Next Christmas, we’ll have Hollywood’s latest attack on a prominent conservative gift wrapped under our tree.
Notoriously liberal Adam McKay is writing and directing a new film focused on Vice President Dick Cheney.
The film is slated to go into production early next year for a late 2017 release.
How liberal is McKay? He’s the co-founder of the hard-left FunnyOrDie.com satirical site alongside fellow progressive Will Ferrell. He directed last year’s The Big Short, an economic primer brimming with Krugman-esque talking points.
And he’s trying to bring a comedy about a dementia-riddled President Ronald Reagan to the big screen…sans apology.
“I’ve never been that close to a story like that where so little information became such a tidal wave. It was really crazy to behold,” McKay told the Daily Beast. “People hadn’t even read the script, it was just three words: ‘Reagan, Ferrell, Alzheimer’s,’ and it became this huge thing…it’s this culture we live in. It’s all about clicks, clicks, clicks and hits, hits, hits.”
Yet when prominent news outlets released summaries of the script, it was exactly as insulting as many feared.
So how did Deadline.com report the news of McKay’s Cheney project? By completely ignoring McKay’s ideological track record. Sometimes, liberal news bias is at its most outrageous when it leaves out critical details of a given story.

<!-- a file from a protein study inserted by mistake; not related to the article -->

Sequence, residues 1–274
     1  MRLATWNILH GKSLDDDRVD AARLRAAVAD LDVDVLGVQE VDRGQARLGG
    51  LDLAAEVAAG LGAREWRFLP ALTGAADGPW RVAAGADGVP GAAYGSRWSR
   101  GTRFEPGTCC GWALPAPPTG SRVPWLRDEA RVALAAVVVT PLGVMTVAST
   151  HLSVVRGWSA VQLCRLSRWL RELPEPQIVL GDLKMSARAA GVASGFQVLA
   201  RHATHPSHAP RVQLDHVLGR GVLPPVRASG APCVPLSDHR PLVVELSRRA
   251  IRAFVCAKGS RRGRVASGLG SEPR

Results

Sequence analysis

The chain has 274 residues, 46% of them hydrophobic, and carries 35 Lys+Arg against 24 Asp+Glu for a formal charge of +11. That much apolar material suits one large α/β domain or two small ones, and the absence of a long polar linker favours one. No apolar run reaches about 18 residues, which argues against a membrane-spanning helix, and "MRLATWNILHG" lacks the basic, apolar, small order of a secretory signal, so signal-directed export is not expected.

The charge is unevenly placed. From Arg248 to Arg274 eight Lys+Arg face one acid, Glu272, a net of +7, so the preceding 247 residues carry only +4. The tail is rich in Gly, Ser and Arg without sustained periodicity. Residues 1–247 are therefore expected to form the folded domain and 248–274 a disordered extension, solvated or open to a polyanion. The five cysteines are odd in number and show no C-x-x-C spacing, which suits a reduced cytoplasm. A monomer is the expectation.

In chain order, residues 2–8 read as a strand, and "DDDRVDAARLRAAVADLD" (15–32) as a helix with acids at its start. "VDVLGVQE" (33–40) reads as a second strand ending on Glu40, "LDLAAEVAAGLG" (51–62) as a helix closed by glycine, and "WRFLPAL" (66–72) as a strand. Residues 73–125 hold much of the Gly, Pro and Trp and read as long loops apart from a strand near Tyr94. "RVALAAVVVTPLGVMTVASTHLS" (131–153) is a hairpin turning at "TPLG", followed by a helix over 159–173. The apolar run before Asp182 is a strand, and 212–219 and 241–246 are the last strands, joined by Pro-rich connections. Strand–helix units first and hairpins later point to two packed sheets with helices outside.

Instead, the site serves up this generic reaction quote from McKay:
“I’ve always found Cheney fascinating,” McKay told Deadline. “Questions of what drove him, what his beliefs were; but once we started digging I was astounded at how much he had shaped modern America’s place in the world and how shocking the methods were by which he gained his power.”
So what can we expect from the Cheney feature? McKay injects his biases to many of his screen projects, even those which seem apolitical on the surface. He produced the 2012 comedy The Campaign, a broadside against too much cash flooding our political system. What could have been a nonpartisan screed devolved into a thinly veiled attack on the Koch brothers.
He tacked on an anti-Wall Street diatribe at the end of his otherwise silly 2010 comedy The Other Guys.
Is there any chance he’ll deliver a fair and balanced look at Cheney’s political career? We certainly won’t know until the film hits theaters, but it’s Deadline.com’s responsibility to give context to the movie announcement and what it might include.
Now, imagine Jon Voight decided to star and produce a feature based on, say, outgoing President Barack Obama. Do you think Voight’s political leanings would be left out of the story? That would probably be the lede paragraph.
It’s just business as usual in Hollywood….and the news outlets assigned to cover the industry.